Important Things To Know When Attending The US Open

The U.S. Open is the fourth and final grand slam tennis event of the year, and for this two-week event, Flushing Meadows transforms into the tennis capital of the world. Tennis fans and celebs alike bring the party to the National Tennis Center, while local food trucks serve up delicious nom noms, and live musicians perform on the grounds. It is truly THE place to be!

This being said, the US Open can be pretty intimidating, so here are some important things you should know that will make your experience much more enjoyable:

When is the 2017 U.S. Open?

This year, the U.S. Open runs from August 28 through September 10, in Flushing Meadows–Corona Park in Queens.

How do I get tickets for this year’s U.S. Open?

While Ticketmaster is the best option, you can also get individual tickets by going to the official U.S. Open site, calling 800-OPEN-TIX or by visiting the box office at the USTA Billie Jean King National Tennis Center in Flushing Meadows.

How much are U.S. Open tickets?

There are options fitting every budget, ranging from single match tickets starting at $58 for the cheap seats to $743 for seats closer to the action, to a full pass starting at $2,125 that will allow you to see all the games and gain you access to some pretty sweet perks, like a personal concierge.

Should I take my chances on the queue for day tickets?

Unless you’re the gambling type, I wouldn’t do it. Although a (very) few tickets will be released the day of the games, it’s best to get your tickets in advance online.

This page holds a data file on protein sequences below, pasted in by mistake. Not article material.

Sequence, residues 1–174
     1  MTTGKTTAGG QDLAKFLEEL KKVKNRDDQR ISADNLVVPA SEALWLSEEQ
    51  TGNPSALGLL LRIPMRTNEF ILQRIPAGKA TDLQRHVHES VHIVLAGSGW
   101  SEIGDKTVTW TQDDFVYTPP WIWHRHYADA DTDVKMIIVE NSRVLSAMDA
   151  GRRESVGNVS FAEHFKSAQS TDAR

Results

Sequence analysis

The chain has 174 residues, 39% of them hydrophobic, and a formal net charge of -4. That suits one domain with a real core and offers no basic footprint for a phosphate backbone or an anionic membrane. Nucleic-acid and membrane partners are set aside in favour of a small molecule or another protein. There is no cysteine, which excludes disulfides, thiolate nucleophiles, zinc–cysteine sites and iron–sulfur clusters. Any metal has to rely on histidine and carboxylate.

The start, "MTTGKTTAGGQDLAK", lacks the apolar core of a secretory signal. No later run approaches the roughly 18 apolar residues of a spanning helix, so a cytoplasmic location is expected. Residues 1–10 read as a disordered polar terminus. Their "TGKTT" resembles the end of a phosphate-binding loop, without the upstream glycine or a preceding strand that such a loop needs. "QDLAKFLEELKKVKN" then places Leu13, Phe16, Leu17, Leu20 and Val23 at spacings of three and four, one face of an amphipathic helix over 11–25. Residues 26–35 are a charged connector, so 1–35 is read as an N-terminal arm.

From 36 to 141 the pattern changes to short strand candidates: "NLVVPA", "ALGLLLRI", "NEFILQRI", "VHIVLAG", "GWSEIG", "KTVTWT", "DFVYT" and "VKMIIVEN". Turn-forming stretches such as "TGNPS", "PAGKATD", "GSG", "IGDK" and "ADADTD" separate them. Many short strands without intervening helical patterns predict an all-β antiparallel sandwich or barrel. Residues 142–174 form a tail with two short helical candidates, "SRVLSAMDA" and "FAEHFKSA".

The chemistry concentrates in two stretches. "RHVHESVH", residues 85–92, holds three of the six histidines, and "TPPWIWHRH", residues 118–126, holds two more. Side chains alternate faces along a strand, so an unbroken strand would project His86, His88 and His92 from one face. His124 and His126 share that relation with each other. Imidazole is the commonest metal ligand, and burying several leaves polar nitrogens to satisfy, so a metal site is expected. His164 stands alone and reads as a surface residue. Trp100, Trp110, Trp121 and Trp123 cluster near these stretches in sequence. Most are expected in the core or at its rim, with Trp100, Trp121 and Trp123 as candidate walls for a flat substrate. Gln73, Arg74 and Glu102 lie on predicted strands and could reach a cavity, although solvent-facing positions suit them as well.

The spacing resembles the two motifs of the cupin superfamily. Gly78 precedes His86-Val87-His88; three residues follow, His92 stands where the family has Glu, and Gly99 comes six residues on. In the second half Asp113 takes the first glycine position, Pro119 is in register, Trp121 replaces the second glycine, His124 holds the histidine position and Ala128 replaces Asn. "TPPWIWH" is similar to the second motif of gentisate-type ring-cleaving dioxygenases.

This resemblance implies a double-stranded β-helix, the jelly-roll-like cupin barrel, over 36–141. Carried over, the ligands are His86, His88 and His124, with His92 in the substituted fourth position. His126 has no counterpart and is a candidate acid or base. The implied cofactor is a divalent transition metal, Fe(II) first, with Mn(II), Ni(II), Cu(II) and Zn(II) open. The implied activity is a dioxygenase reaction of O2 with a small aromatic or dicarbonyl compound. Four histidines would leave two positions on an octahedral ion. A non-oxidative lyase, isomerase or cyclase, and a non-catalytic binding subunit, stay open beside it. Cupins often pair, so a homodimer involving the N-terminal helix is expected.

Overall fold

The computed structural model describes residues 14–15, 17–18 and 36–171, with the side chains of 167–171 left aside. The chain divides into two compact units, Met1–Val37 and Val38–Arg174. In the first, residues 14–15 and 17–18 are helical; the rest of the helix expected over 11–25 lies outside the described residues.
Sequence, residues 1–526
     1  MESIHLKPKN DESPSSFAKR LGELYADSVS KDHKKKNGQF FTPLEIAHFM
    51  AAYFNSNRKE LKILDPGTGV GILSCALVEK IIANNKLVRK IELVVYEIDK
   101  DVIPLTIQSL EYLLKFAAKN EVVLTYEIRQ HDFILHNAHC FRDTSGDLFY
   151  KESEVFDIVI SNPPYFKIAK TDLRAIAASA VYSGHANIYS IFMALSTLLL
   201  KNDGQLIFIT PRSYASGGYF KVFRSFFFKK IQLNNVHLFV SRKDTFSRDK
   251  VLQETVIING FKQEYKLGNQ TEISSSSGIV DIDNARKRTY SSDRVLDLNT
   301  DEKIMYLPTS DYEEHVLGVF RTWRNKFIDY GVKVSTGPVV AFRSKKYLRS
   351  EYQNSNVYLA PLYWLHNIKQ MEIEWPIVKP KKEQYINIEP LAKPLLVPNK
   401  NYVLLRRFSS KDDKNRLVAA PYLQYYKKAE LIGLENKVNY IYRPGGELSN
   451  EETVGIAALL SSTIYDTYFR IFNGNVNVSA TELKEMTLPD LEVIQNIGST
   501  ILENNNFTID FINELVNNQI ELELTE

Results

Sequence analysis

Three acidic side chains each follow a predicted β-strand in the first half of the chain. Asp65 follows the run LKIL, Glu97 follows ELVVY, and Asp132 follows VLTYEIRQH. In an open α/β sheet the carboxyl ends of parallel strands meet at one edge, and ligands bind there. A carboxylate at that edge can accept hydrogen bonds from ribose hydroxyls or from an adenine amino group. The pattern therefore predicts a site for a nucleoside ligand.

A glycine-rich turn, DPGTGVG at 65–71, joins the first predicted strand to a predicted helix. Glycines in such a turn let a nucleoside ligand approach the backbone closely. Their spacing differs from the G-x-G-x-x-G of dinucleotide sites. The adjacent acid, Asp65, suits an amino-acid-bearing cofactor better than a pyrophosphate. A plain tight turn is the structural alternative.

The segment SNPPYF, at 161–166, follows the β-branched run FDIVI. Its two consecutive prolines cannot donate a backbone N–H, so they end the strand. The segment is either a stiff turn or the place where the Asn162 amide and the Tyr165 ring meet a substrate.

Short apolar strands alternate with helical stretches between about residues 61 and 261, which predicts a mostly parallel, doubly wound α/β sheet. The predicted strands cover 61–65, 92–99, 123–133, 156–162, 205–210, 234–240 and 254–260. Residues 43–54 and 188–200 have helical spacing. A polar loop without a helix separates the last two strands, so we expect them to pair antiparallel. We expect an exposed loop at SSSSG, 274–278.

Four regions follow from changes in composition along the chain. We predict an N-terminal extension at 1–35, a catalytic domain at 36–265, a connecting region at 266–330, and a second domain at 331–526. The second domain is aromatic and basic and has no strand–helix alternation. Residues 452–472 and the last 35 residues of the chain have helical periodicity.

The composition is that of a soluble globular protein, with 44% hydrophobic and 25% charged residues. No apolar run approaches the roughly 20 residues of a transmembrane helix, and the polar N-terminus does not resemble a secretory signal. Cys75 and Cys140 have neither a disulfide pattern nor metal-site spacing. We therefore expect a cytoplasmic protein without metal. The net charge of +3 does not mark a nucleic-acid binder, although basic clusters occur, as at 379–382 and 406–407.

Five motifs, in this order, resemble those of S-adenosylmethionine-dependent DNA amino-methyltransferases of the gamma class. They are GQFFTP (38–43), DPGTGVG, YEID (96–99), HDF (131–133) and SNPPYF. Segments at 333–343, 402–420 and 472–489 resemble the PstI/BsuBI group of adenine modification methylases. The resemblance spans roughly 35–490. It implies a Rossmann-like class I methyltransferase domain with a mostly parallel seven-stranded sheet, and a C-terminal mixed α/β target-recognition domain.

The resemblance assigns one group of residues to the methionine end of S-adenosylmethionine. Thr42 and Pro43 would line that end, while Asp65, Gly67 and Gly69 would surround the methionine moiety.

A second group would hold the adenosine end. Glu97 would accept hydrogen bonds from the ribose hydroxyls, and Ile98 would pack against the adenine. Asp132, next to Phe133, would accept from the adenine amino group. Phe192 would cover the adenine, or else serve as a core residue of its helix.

What happens if it rains?

The general rule of thumb is that you’ll be able to exchange your tickets for credit or a full refund, but you may be ineligible if more than 90 minutes of a game has been played. You may also be able to exchange your tickets for next year’s tournament. Check the U.S. Open site for full details.

How do I get to Flushing Meadows?

There are several ways to get to the US Open grounds. Take the subway, take the LIRR, but whatever you do, DON’T take your car. Driving is a pain in the butt, parking is expensive and far from the Open, and the crazy traffic will kill your fun-loving mood. Taking the bus is something else I’d pass up because even though you aren’t actually driving, you still have to sit in traffic – and who knows who you’ll have to sit next to!

The #7 subway is cheap ($2.75) and stops a short walking distance from the US Open. So does the LIRR (Long Island Railroad), and though it’s a little more expensive, the advantages of the LIRR over the subway are the set schedule, comfier seats, and faster trip from Manhattan’s Penn Station.

Are there places to eat? Can I bring my own food?

You can bring in small quantities of snacks and food for infants and those with special dietary needs, and only in one bag (no larger than 12″W x 12″H x 16″L) per person, but you must go through insanely long security lines to have it checked, which can take well over an hour. Those without bags/purses can go through speed lines, which I highly recommend.

Along with the best tennis and entertainment in the world, the US Open also offers a fantastic selection of dining experiences. Whether you are in the mood for a light snack, lunch, dinner, meeting friends for cocktails or satisfying a sweet tooth, its restaurants will satisfy even the most finicky eaters.